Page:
New semi-commercial cellulosic ethanol facility under construction

By Kris Bevill | November 11, 2009
Report posted Nov. 18, 2009, at 10:00 a.m. CST

Cellulosic ethanol developer ZeaChem Inc. has announced it has begun construction of a 250,000-gallon-per-year semi-commercial scale production facility. The company has enlisted Hazen Research Inc. in Golden, Colo., to fabricate the front-end fermentation modules and will install the units at ZeaChem's Boardman, Ore., site. The facility is expected to be fully operational by the end of 2010.

ZeaChem President and CEO Jim Imbler said the company is slightly ahead of its targeted schedule due to Hazen Research's participation in the module construction. The company, an industrial research and development firm with expertise in the extractive metallurgy and chemical industries, will construct and host the initial process unit as well as provide infrastructure and operations support to ZeaChem. The facility in Boardman will be built using skid mounted design, which allows ZeaChem the ability to optimize unit operations earlier in the process and to add more skids as necessary.

Imbler said ZeaChem's process is unique because of the naturally occurring bacteria it utilizes to produce both chemicals and ethanol. The Moorella thermoacetica bacteria is "nature's way of breaking down biomass," according to Imbler. It is found in many natural environments and is used widely in waste water treatment facilities. "Our basic model is: no new bugs and no new technology," he said.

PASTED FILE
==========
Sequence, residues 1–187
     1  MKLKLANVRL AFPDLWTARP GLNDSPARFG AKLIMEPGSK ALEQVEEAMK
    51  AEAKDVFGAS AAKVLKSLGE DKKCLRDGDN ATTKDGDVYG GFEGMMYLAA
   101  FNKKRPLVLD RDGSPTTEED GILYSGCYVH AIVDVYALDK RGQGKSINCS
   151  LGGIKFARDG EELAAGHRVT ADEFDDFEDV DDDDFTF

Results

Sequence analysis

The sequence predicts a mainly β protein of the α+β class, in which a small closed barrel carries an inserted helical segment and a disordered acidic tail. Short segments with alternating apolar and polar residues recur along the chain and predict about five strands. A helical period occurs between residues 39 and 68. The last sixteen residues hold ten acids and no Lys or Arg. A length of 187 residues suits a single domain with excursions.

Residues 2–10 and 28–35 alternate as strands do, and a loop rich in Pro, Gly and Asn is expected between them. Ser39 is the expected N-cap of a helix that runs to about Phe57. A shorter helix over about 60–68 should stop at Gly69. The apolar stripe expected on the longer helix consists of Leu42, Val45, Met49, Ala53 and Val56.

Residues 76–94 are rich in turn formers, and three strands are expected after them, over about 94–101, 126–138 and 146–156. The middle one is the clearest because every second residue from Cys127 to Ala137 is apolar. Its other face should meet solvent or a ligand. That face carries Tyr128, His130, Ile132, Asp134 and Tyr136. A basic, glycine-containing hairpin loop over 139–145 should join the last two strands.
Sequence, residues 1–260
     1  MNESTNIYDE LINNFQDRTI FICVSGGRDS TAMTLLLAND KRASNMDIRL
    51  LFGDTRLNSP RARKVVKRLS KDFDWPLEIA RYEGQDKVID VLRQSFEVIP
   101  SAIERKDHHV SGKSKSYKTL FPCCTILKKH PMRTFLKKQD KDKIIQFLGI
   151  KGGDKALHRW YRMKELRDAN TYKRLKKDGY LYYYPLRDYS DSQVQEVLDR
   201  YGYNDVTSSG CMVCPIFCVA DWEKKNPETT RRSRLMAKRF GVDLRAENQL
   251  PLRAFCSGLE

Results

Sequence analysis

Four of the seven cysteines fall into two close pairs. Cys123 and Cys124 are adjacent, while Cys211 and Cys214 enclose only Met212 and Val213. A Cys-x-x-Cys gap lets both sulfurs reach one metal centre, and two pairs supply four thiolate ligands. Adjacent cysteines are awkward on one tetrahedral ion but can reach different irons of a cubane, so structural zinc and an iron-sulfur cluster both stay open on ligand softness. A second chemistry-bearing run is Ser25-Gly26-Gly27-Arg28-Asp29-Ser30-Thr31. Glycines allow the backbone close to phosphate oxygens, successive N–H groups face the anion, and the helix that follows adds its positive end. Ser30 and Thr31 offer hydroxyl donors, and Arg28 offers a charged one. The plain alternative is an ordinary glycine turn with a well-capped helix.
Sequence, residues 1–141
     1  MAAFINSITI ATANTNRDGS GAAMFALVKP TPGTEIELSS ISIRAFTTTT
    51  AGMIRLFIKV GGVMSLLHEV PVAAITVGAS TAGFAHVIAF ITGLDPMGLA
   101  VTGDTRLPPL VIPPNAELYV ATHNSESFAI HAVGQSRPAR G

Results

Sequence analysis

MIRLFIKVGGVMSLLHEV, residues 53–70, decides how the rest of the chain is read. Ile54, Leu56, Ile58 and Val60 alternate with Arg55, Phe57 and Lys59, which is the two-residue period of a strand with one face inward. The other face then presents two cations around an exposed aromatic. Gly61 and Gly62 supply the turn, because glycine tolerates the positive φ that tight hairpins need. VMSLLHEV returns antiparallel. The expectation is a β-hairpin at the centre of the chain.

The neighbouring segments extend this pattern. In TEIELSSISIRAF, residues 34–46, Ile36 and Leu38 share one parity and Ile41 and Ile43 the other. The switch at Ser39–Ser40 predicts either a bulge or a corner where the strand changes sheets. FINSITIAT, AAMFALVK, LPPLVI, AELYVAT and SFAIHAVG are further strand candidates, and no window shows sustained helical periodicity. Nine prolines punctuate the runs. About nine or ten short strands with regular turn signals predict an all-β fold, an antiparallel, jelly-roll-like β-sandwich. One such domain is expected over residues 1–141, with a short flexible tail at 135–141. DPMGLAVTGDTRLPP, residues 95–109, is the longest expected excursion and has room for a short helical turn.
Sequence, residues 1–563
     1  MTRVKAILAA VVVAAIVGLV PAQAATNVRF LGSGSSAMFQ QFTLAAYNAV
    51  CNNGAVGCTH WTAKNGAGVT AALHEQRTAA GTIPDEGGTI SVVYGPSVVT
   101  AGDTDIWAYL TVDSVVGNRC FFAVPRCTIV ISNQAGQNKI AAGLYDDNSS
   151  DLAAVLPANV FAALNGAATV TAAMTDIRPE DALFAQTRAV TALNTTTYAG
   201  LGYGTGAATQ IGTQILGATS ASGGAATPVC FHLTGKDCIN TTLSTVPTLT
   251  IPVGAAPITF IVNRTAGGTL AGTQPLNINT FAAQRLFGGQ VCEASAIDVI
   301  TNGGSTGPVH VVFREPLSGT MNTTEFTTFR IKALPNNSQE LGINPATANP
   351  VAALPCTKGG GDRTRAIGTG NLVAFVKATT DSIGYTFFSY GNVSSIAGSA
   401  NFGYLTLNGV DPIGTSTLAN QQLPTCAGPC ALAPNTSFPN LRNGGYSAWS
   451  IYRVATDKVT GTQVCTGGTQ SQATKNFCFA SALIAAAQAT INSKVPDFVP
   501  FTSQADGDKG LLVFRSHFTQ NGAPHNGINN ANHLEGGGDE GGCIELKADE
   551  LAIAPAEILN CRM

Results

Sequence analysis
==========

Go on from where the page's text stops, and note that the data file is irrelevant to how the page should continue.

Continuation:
ZeaChem's bug can easily handle difficult feedstocks, including hybrid poplar, which will be ZeaChem's primary feedstock. The company has a long-term feedstock supply agreement with Greenwood Resources Inc. in Oregon to fulfill its woody biomass requirements.

ZeaChem's technology uses a combination of biochemical and thermochemical processing steps to produce acetic acid, which can then be converted to both ethyl acetate and ethanol. Imbler said ethyl acetate is worth more than ethanol, so the company anticipates that it will not be making ethanol at times. However, he said the company currently has offtake agreements for both products.

The bacteria used by ZeaChem do not produce carbon dioxide as a byproduct, which Imbler said lowers the carbon footprint of its products' production and will translate into higher yields of ethanol per gallon of feedstock. He expects to produce 135 gallons of ethanol per dry ton of hybrid poplar and said that most competitors project their yields to be only about 90 gallons per ton.

Coskata Inc., which recently opened its semi-commercial cellulosic production facility in Pennsylvania, uses combination technique to process feedstock that is somewhat similar to ZeaChem's, according to Imbler. However, one major difference is that Coskata gasifies everything and ZeaChem doesn't gasify any material unless it can't be converted otherwise, he said. "It's interesting that the two [companies] out there are both using a very different approach from most of the other players," Imbler said. "I think the reason you're seeing that is that a lot of the biological players still have the fundamental issue of enzymes and feedstocks. We don't have the feedstock issues because our bug was put on Earth to convert cellulosic sugars into acetic acid." ZeaChem's process also does not require the use of enzymes.

Imbler said the company plans to begin engineering its first commercial-scale plant immediately after the semi-commercial process is complete. He expects the commercial facility to produce between 25 MMgy and 50 MMgy, beginning in 2012 or 2013. The plant will also be located in Oregon, near the company's feedstock supply.